MONTGOMERY, Ala. — Breaking with other Southern GOP governors, Alabama Gov. Kay Ivey extended her state’s mask order for another month Thursday but said the requirement will end for good in April. The move came a day after President Joe Biden slammed the governors of Texas and Mississippi for deciding to lift their mask mandates, saying their actions reflect “Neanderthal thinking.” Ivey has faced political pressure to lift the mask order like her Republican counterparts but said she will follow the recommendations of medical officials and keep the mandate that was set to expire Friday in place until April 9. “We need to get past Easter and hopefully allow more Alabamians to get their first shot before we take a step some other states have taken to remove the mask order altogether and lift other restrictions. Folks, we are not there yet, but goodness knows we’re getting closer," Ivey said at a news conference. The governor called masks “one of our greatest tools” in preventing the virus’ spread but emphasized that she will not extend the mask order further, saying it will become a matter of personal responsibility when the mandate ends. “Even when we lift the mask order, I will continue to wear my mask while I’m around others and strongly urge my fellow citizens to use common sense and do the same,” Ivey said. Medical officials welcomed Ivey’s decision after urging an extension, arguing that easing restrictions before more people were vaccinated could reverse recent improvements. Alabama’s rolling seven-day average of daily cases has dropped from 3,000 in early January to below 1,000 and hospitalizations are at their lowest point since summer. “This is very good news. This gives us a month to vaccinate more people and to get a better handle on the role of the UK variant,” said Dr. Don Williamson, the former state health officer who now heads the Alabama Hospital Association. So far only about 13% of Alabama’s 4.9 million people have received one dose of vaccine, according to state numbers. State Health Officer Scott Harris said vaccine supplies are increasing and if the state can get a cumulative total of 1.75 million shots delivered by early April, that would be a “terrific place to be.” Harris said about 500,000 people in the state have tested positive for the virus and there are likely others who had it but didn’t know. “We are striving to reach this herd immunity point at some point,” Harris said. Dr. Ellen Eaton, who specializes in infectious diseases at the University of Alabama at Birmingham, said schools and organizations serving people who’ve yet to receive a vaccine will need to “carefully consider how to proceed” once the order ends. “For many, continuing masking will be necessary, such as in schools and colleges. But leadership in these spaces needs time to think through the health and policy implications of recommending masks in the absence of a mandate,” she said. Ivey faced backlash on social media for her decision, with some users sharing the phone number to the governor’s office and asking callers to voice opposition to the rule. And the Alabama Senate approved a resolution Wednesday evening urging Ivey to end the mask mandate. Republican Lt. Gov. Will Ainsworth also asked Ivey to end the mask requirement, which he has opposed all along, saying individuals can make decisions for themselves and follow safety rules until vaccinations and immunity levels are sufficient. “But we can do all of these things without a Big Brother-style government mandate looming over us,” Ainsworth said in a statement. The governor did lift some restrictions on how many people can sit as a restaurant table, but tables are still required to be 6 feet (2 metres) apart or have a partition. The order also allowed senior citizens to resume some activities and hospitals to increase the number of visitors patients can have from one to two ___ Follow AP’s coverage of the pandemic at https://apnews.com/hub/coronavirus-pandemic and https://apnews.com/UnderstandingtheOutbreak. Kim Chandler, The Associated Press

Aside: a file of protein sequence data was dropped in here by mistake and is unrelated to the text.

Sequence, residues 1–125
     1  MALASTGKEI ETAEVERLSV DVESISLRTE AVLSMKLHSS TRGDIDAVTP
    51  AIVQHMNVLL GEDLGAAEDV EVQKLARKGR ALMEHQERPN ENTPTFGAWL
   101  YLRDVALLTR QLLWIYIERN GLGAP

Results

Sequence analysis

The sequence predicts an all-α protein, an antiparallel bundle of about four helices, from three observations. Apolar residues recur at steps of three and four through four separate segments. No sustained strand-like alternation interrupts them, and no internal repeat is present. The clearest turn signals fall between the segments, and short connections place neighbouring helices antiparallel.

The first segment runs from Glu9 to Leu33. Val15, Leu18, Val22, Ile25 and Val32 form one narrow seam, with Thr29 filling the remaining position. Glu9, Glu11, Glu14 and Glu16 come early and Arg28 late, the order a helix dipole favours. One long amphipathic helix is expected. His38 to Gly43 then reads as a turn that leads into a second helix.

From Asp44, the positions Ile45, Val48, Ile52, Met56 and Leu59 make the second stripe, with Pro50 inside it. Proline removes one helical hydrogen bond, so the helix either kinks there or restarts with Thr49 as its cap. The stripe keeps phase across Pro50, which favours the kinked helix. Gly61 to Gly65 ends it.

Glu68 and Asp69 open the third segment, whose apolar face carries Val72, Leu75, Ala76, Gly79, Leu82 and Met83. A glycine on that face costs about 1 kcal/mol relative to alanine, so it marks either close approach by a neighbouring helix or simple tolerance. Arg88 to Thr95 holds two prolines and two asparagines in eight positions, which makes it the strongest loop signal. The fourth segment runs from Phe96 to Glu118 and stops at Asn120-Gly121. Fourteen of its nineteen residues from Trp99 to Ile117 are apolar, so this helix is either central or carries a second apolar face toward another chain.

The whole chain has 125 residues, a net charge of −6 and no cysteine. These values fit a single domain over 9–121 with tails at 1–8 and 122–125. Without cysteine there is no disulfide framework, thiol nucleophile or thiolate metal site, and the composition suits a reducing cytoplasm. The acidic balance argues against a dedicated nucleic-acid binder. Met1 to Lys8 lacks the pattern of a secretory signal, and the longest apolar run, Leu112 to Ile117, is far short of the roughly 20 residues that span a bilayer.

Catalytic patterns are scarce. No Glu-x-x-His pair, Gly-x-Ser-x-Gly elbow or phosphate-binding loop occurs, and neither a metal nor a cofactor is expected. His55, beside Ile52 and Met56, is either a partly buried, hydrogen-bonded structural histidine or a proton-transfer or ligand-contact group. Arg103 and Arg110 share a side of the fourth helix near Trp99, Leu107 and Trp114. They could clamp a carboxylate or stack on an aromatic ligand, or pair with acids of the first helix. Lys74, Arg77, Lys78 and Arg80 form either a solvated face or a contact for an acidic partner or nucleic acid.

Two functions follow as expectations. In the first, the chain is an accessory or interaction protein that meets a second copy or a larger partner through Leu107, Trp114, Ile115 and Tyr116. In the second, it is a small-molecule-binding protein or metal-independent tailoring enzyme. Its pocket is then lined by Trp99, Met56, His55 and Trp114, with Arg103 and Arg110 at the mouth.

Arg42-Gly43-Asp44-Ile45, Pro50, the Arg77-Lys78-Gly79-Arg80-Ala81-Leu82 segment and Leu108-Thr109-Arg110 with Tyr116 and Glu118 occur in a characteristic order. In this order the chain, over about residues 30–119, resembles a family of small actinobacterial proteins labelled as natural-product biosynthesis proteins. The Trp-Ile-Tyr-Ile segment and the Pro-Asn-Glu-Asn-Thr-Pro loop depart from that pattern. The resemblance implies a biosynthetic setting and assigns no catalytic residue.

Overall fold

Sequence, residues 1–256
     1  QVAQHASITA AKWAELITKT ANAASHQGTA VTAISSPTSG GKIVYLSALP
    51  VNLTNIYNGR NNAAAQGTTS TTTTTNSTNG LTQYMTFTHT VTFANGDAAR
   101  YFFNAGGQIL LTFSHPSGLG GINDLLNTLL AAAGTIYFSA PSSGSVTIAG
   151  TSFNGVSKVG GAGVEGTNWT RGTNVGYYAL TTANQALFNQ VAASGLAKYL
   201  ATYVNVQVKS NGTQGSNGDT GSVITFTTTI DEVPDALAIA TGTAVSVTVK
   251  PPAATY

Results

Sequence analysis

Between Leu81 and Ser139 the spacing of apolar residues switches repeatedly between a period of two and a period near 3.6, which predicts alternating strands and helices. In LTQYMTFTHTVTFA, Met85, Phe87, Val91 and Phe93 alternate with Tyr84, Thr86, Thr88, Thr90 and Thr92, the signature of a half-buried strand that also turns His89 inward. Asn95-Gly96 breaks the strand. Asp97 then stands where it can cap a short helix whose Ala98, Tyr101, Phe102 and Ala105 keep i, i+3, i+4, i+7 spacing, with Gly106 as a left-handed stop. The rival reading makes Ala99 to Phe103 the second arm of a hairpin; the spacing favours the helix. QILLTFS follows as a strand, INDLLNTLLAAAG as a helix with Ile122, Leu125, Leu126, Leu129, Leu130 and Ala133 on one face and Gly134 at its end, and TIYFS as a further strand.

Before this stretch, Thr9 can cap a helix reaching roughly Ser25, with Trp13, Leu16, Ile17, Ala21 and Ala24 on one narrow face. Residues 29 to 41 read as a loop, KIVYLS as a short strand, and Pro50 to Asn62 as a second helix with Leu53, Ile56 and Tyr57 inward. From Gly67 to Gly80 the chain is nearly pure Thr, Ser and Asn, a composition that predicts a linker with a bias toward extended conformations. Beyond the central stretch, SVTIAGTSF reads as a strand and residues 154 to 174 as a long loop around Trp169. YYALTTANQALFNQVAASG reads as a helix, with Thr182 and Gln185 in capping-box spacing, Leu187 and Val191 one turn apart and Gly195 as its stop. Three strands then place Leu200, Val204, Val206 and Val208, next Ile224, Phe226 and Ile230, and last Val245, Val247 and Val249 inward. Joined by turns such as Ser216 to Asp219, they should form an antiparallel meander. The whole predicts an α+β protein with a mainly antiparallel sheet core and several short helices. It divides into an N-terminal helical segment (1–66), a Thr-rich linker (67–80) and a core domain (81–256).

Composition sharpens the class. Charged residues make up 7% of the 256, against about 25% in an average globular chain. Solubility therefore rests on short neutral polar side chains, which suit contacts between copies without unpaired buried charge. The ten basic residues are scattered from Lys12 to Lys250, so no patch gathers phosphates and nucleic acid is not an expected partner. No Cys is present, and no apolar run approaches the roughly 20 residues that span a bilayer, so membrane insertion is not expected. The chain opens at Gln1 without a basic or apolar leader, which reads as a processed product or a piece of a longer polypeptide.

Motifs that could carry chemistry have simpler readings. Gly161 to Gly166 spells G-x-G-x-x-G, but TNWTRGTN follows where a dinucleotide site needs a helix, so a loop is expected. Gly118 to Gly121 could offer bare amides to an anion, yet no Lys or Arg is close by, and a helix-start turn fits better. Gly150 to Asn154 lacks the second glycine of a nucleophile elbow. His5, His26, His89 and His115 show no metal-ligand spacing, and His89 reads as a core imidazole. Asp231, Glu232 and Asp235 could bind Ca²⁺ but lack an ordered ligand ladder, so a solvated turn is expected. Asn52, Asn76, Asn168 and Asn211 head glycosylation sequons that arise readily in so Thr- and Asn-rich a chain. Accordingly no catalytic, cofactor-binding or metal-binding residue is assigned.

To continue the fast-paced collaborative research and innovation we have seen during the pandemic, here are five ways universities can support health research that responds to societal needs.
Canada's premiers are demanding that Ottawa immediately give them an extra $28 billion for health care this year, with a promise of at least a five-per-cent hike in the annual transfer payment each year thereafter.